[0006] The present invention solves these problems as well as others.

SUMMARY OF THE INVENTION

[0007] Provided herein are systems, methods and apparatuses for an in vivo surgical device that uses tomographic imaging to guide the process of surgical incisions for cell, biologics and drug delivery; the information the image-guided system records guides the process of delivery with comprehensive real-time processing with the ability to seal the location of delivery and offer laser-tissue modification via a co-aligned tissue modification beam on tissue without tissue damage to adjacent critical or delicate structures.

[0008] The methods, systems, and apparatuses are set forth in part in the description which follows, and in part will be obvious from the description, or can be learned by practice of the methods, apparatuses, and systems. The advantages of the methods, apparatuses, and systems will be realized and attained by means of the elements and combinations particularly pointed out in the appended claims. It is to be understood that both the foregoing general description and the following detailed description are exemplary and explanatory only and are not restrictive of the methods, apparatuses, and systems, as claimed.

BRIEF DESCRIPTION OF THE DRAWINGS

[0009] In the accompanying figures, like elements are identified by like reference numerals among the several preferred embodiments of the present invention.

[0010] FIG. 1a is a schematic for a work flow for image guided system; FIG. 1b is a schematic of the data flow and representation in the image guided system; FIG. 1c are tomographic images for different scan dimensions; and FIG. 1d is a flow chart for the image guided system incorporated in multiple surgical scenarios.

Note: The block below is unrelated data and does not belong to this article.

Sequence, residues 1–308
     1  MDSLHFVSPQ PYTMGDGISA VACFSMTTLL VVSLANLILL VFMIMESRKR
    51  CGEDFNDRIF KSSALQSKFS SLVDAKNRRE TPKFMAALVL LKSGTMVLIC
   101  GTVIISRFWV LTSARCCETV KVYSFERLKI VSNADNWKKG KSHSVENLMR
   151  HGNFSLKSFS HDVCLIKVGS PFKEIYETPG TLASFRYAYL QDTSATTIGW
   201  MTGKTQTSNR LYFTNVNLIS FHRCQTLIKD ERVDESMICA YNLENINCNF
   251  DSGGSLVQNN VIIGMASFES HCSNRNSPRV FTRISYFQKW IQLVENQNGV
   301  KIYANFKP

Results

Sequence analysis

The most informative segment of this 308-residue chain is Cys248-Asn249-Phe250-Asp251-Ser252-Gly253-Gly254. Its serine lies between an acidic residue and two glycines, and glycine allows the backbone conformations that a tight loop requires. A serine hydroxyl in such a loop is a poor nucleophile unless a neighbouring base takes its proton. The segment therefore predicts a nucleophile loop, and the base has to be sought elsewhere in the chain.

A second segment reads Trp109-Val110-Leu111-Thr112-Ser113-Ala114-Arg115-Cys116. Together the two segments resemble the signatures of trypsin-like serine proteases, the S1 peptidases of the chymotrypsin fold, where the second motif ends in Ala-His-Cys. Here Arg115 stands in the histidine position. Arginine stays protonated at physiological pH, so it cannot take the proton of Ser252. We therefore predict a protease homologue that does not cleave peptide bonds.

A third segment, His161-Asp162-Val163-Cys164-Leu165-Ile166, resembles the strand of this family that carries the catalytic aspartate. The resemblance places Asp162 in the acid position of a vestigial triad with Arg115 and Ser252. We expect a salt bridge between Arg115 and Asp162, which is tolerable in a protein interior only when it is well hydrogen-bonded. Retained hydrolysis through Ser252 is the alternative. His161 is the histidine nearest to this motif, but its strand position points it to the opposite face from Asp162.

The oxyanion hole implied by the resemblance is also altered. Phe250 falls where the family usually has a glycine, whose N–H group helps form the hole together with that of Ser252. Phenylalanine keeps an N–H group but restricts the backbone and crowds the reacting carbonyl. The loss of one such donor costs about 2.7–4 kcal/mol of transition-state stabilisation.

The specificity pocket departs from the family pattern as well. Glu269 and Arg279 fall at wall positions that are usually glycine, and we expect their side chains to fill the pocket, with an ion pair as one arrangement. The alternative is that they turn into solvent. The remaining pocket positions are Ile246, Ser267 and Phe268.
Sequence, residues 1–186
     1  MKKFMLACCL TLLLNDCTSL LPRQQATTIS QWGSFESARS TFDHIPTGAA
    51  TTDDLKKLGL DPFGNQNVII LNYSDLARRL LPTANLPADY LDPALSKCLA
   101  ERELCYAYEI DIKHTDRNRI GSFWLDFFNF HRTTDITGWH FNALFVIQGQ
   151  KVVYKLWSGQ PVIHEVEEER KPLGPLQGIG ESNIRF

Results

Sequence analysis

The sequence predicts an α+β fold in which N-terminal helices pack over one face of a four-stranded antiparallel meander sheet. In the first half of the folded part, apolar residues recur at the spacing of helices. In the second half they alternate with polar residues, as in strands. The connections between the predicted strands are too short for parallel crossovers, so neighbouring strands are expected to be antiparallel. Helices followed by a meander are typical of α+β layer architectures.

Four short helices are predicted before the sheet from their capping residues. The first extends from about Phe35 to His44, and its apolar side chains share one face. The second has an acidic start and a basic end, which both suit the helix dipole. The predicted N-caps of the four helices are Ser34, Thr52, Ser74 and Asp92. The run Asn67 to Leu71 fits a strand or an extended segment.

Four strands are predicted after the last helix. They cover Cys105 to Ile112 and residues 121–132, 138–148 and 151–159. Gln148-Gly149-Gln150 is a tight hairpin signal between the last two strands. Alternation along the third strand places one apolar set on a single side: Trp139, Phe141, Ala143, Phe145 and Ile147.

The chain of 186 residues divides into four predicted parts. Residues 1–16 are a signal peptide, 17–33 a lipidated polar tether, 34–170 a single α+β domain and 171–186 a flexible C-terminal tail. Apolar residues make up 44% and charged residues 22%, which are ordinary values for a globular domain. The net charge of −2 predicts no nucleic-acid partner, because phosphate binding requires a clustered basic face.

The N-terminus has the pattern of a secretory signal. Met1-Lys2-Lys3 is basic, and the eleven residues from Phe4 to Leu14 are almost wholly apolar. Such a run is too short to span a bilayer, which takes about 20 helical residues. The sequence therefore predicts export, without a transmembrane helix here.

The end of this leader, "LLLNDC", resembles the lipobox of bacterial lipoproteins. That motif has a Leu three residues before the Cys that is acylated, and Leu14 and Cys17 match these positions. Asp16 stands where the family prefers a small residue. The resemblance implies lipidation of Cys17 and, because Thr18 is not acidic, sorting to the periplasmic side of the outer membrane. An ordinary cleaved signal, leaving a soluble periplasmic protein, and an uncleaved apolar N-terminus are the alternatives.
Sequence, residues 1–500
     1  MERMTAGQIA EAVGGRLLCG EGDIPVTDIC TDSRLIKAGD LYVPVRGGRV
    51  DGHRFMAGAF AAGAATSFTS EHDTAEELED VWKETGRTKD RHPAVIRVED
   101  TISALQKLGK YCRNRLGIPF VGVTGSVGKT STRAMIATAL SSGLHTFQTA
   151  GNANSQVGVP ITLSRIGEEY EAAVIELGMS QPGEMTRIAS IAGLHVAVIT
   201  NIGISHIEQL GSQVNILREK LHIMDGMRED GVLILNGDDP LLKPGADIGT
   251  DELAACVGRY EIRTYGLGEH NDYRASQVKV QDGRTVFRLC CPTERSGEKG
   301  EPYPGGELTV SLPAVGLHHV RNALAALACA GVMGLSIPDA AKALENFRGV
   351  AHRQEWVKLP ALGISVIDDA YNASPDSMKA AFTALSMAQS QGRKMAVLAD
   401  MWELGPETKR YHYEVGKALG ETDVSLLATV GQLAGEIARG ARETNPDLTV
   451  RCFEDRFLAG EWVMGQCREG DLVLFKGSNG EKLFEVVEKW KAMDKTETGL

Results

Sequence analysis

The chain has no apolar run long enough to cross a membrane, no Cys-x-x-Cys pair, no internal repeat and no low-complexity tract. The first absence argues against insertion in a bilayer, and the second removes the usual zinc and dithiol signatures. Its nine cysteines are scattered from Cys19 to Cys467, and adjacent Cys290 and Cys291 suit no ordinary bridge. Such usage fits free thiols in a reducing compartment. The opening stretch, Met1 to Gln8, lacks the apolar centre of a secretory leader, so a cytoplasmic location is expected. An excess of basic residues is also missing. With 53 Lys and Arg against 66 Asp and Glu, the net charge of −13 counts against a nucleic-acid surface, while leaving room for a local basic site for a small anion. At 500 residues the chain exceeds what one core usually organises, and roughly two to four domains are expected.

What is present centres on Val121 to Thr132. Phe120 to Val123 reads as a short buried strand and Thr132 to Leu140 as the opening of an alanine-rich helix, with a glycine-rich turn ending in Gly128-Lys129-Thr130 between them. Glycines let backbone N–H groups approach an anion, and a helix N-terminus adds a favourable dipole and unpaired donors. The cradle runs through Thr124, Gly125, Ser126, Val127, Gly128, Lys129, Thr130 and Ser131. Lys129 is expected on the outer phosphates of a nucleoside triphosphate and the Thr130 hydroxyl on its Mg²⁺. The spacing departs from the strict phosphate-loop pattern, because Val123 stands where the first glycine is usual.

[0011] FIG. 2a is a schematic overview of the image guide system with co-aligned laser and OCT beams; FIG. 2b is design of handheld interface; FIG. 2c is a schematic of a forward looking cutting laser coupled with a side cutting laser.

[0012] FIGS. 3a-3b are OCT images showing versatility in the formation of the microwells by selecting a line to create it, where FIGS. 3a, 3b are enface images of the phantom before and after the formation of the microwells, and FIG. 3c is the cross-section image of the microwell, and the scale bars are 200 .mu.m.

[0013] FIGS. 4a-4b are a time-lapse OCT Imaging as the cutting laser is creating microwells in the tissue phantom at different periods of time, where FIG. 4a is at 0 sec and FIG. 4b is at 3 sec. The white arrow 101 highlights the OCT imaging the tissue material as it blows off the tissue, the scale bars are 200 .mu.m

[0014] FIGS. 5a-5d are automated OCT Image guidance to control the laser beam position and laser dosimetry to cut around structures OCT versatility showcased in the creation of cutting sites while automatically avoiding structures (in this case the micro-vessel on the surface), where FIGS. 5a, 5b are enface images of the phantom before and after the formation cutting with the laser, and

[0015] FIGS. 5c, 5d are the cross-section image of the phantom, the scale bars are 200 .mu.m.

[0016] FIGS. 6a-6c are time-lapse OCT images showcasing the image guidance versatility in the form of depositing material into a created microwell site at different period of time, where FIG. 6a is at 0 sec, FIG. 6b is at 1.5 sec, and FIG. 6c is at 3 seconds, the scale bars are 200 .mu.m.

[0017] FIGS. 7a-7b is a thickness mapping performed on single OCT b-scan, where FIG. 7a is a left image displays the b-scan with the cartilage/bone boundary traced in green, and FIG. 7b is a right plot displays the thickness values corresponding to each a-scan of the b-scan.

[0018] FIGS. 8a-8c is Cartilage metrics for Region 1. Scale bars are 1 mm, where FIG. 8a is the attention coefficient; FIG. 8b is the thickness measurements in microns; and FIG. 8c is the gradient measurements in degrees.

[0019] FIGS. 9a-9c is Cartilage metrics for Region 2. Scale bars are 1 mm, where FIG. 9a is the attention coefficient; FIG. 9b is the thickness measurements in microns; and FIG. 9c is the gradient measurements in degrees.